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Trends in Comparative Biochemistry & Physiology   Volumes    Volume 5 
Effect of cholecalciferol on intestinal epithelial cells
Nori Tolosa de Talamoni, Adriana Pérez, Arturo Alisio
Pages: 179 - 185
Number of pages: 7
Trends in Comparative Biochemistry & Physiology
Volume 5 

Copyright © 1998 Research Trends. All rights reserved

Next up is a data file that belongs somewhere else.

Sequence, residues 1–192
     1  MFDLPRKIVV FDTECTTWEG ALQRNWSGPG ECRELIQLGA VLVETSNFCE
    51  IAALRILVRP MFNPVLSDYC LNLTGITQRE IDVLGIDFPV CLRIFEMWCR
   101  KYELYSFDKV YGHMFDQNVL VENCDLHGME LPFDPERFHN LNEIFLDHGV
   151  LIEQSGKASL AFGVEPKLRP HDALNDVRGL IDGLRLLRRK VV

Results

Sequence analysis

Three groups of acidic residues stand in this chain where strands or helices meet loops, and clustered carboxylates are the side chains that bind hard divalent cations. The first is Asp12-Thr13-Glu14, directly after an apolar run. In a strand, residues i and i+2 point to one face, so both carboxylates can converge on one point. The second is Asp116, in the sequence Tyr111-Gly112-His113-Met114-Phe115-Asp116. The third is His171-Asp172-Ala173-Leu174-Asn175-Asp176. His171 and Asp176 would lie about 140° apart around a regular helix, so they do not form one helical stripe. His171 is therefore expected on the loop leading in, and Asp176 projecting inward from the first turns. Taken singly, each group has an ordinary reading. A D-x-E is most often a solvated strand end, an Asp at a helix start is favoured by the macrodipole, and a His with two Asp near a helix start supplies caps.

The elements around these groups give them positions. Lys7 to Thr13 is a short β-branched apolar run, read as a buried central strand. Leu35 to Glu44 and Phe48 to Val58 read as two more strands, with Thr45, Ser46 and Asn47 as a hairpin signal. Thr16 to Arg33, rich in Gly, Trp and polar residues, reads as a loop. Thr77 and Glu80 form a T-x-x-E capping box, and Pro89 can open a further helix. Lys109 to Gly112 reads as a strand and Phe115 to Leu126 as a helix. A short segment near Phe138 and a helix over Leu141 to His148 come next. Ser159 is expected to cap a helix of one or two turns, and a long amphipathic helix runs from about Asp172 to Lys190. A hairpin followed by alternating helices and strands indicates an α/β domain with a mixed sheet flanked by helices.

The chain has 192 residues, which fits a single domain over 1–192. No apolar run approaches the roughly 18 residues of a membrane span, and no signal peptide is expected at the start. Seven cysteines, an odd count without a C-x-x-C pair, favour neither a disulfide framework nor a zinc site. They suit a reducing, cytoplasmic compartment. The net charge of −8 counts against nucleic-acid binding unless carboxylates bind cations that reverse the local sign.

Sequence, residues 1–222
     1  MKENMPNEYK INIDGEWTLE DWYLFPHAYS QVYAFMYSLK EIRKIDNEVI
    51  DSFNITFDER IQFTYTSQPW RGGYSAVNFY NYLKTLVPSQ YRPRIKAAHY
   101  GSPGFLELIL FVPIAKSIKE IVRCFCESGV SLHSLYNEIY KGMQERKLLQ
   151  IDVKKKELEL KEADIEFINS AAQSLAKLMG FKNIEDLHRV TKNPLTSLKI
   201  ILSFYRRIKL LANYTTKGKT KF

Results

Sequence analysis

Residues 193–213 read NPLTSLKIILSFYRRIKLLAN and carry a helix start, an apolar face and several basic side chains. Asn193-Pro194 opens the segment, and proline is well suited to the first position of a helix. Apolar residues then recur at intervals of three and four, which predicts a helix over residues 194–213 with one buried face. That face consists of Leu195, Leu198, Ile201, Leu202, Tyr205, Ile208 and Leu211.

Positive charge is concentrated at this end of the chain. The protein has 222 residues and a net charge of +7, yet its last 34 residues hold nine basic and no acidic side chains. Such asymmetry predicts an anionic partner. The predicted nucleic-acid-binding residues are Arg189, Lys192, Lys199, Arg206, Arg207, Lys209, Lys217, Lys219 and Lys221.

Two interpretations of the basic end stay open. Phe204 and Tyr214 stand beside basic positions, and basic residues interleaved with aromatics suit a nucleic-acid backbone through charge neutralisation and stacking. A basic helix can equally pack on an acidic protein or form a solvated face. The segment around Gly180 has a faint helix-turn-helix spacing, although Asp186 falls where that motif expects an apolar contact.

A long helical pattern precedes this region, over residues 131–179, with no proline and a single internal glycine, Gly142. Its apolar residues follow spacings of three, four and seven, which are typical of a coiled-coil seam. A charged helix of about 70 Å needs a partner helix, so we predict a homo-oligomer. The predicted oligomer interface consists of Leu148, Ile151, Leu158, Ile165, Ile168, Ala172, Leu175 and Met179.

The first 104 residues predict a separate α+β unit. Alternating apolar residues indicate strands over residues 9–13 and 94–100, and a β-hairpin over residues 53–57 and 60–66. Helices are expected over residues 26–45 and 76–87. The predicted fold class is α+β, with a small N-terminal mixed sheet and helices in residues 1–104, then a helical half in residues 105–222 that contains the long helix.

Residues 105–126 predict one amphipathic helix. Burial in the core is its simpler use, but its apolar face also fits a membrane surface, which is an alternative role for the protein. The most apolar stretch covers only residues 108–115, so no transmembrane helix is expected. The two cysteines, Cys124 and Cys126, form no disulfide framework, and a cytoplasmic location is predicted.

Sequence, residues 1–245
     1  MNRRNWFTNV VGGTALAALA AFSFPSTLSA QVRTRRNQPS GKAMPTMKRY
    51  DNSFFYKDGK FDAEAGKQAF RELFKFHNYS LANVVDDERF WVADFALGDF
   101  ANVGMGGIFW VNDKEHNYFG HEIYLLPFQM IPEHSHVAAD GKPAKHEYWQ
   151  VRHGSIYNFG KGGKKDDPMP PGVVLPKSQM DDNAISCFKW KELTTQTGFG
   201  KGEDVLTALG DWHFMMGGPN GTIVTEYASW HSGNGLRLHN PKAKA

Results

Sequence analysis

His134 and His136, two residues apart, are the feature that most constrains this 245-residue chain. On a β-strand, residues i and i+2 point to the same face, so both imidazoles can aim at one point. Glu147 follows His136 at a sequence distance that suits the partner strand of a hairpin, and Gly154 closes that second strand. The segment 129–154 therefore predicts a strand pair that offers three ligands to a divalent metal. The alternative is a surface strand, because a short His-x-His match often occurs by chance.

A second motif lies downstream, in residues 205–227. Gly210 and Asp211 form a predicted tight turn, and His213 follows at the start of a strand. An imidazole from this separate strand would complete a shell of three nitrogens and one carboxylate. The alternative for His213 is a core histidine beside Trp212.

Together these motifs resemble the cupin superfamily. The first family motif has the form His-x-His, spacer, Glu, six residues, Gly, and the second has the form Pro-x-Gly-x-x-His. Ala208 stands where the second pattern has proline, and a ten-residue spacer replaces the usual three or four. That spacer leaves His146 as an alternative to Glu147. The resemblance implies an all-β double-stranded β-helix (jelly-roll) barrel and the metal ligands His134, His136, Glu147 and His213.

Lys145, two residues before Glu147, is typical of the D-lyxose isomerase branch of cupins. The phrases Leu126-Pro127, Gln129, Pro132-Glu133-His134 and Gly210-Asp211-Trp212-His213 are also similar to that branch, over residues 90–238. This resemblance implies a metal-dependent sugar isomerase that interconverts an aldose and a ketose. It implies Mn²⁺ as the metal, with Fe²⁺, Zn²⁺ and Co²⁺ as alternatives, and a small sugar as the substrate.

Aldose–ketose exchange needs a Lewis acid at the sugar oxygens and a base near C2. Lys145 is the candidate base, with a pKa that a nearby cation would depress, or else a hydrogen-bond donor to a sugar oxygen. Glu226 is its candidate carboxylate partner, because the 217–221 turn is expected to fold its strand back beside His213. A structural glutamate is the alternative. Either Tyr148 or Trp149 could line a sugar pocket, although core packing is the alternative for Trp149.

Changes in composition and functions of different subcellular compartments of the enterocytes caused by vitamin D administration to vitamin D deficient chicks will be reviewed in this article. Special emphasis will be focused on alterations in lipid composition, fluidity and calcium transport properties of brush border, mitochondria and basolateral membranes. The possible mechanisms by which cholecalciferol provokes an increase in the Krebs cycle NAD+ -Iinked oxidoreductase activities will be also described. Finally, a detailed analysis of the effects of vitamin D on the two mechanisms of calcium exit through the basolateral membranes, the plasma membrane Ca2+-ATPase and Na+/Ca2+ exchanger, will be discussed. Vitamin D is a secosteroid produced by a wide range of live organisms. Fungi, phytoplankton, zooplankton, plants, insects, fish, reptiles, amphibians, birds and mammals can synthesize vitamin D [1]. Cholecalciferol (vitamin D3) is the natural form of the vitamin while ergocalciferol (vitamin D2) is a synthetic compound originally produced by irradiation of ergosterol from plants. Both vitamin D2 and D3 are metabolized by the same pathways to produce active metabolites with identical effects. Thus, the term vitamin D refers to either form of the vitamin.
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